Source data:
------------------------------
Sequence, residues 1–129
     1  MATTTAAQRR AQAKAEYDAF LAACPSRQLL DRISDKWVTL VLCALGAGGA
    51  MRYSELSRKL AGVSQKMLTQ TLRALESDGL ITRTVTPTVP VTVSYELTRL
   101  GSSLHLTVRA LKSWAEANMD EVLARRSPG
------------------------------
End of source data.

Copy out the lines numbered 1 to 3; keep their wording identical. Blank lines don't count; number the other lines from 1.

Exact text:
Sequence, residues 1–129
     1  MATTTAAQRR AQAKAEYDAF LAACPSRQLL DRISDKWVTL VLCALGAGGA
    51  MRYSELSRKL AGVSQKMLTQ TLRALESDGL ITRTVTPTVP VTVSYELTRL